The South Dakota chapters of Moms Demand Action and Students Demand Action, both part of Everytown for Gun Safety’s grassroots network, released the following statement after the South Dakota legislature officially ended its legislative session, adjourning sine die without passing any gun lobby priorities. After testimony and advocacy from South Dakota Moms Demand Action volunteers, lawmakers rejected and failed to advance dangerous policies to weaken gun laws. This is the second year in a row all dangerous gun bills failed to pass in the state.
“We fought against these dangerous bills like our lives were on the line, because they are,” said Julie Parker, a volunteer with South Dakota Moms Demand Action. “We appreciate that our lawmakers listened to the clear concerns of South Dakotans and law enforcement who oppose weakening our gun laws and putting our communities in danger. While we’re proud of the results of this legislative session, we’re far from finished, and will keep fighting against any attempts to weaken gun safety laws.”
South Dakota legislators rejected House Bill 1131, a bill that would prohibit the implementation of a future Extreme risk law. Extreme risk laws are a critical tool in mitigating gun violence, empowering loved ones and law enforcement to petition for temporary firearm removal from those deemed at risk of harming themselves or others.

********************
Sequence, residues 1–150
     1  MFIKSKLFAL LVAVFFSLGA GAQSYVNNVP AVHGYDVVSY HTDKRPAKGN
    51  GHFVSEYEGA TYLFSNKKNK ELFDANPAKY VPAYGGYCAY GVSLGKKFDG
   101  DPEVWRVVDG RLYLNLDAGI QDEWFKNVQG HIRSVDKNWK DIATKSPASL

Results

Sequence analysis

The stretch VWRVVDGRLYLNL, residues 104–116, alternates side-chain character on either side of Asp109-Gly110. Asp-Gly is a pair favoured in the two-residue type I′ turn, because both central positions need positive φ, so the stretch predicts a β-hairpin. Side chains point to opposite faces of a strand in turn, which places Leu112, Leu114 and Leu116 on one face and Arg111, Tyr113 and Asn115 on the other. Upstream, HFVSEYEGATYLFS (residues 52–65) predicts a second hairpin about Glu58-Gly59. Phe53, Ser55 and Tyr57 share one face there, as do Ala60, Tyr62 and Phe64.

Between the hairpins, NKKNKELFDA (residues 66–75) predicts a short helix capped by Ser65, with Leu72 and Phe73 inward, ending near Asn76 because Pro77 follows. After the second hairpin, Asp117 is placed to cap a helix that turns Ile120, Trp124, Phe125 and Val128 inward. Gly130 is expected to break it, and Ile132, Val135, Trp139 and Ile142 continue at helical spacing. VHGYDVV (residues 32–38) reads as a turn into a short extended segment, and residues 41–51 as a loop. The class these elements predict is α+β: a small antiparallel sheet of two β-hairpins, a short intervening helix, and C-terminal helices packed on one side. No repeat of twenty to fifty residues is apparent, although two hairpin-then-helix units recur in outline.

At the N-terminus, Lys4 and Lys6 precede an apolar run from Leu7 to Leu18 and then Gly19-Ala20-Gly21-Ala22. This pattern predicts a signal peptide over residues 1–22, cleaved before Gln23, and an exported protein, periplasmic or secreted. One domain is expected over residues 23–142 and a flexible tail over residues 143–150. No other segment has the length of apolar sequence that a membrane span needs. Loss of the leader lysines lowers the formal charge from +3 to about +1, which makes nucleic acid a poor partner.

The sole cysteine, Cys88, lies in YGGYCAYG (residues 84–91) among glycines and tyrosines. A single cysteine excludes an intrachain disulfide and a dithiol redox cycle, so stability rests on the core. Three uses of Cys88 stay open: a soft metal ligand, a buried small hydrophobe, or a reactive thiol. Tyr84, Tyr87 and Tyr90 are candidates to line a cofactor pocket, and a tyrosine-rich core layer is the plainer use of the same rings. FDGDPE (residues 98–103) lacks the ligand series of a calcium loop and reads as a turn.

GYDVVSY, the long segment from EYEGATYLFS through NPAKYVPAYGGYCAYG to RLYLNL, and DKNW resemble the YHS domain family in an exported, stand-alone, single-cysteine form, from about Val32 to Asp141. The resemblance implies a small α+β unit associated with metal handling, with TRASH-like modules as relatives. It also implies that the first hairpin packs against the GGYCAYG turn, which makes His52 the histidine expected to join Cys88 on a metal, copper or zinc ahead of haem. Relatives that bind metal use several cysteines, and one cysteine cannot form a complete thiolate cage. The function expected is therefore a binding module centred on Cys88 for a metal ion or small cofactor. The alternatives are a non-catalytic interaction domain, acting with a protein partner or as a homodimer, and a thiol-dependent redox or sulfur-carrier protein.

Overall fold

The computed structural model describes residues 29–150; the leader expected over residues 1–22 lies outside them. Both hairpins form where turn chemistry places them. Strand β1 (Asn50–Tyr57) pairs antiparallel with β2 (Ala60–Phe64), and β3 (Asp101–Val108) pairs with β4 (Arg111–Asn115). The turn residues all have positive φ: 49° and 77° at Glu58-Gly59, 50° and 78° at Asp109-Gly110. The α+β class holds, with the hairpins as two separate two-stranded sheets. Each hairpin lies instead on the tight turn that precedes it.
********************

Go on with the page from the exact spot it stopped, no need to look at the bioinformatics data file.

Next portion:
Lawmakers also rejected House Bill 1173, legislation that would make it illegal for any public officer or employee of the state, including state and local law enforcement officers, to assist with the enforcement of federal gun safety laws and penalize those who attempt to enforce them. Finally, lawmakers rejected House Bill 1208, a bill to penalize businesses who wish to divest from the firearm industry.
During the 2023 legislative session, South Dakota lawmakers held historic hearings for House Bill 1213, legislation to require the secure storage of firearms; and House Bill 1227, legislation to create an Extreme Risk law, which temporarily removes firearms from those who pose an immediate threat to themselves or others. These are both critical sun safety measures in keeping guns out of the wrong hands. Though both bills failed to pass out of committee, the hearings were a historic step in the right direction for the state.
According to Everytown’s Gun Law Rankings, South Dakota has the sixth-weakest gun laws in the country, with essentially no foundational gun laws, like the requirement of a background check for firearm purchases or a permit to carry a concealed handgun in public. Learn more about gun violence in South Dakota here.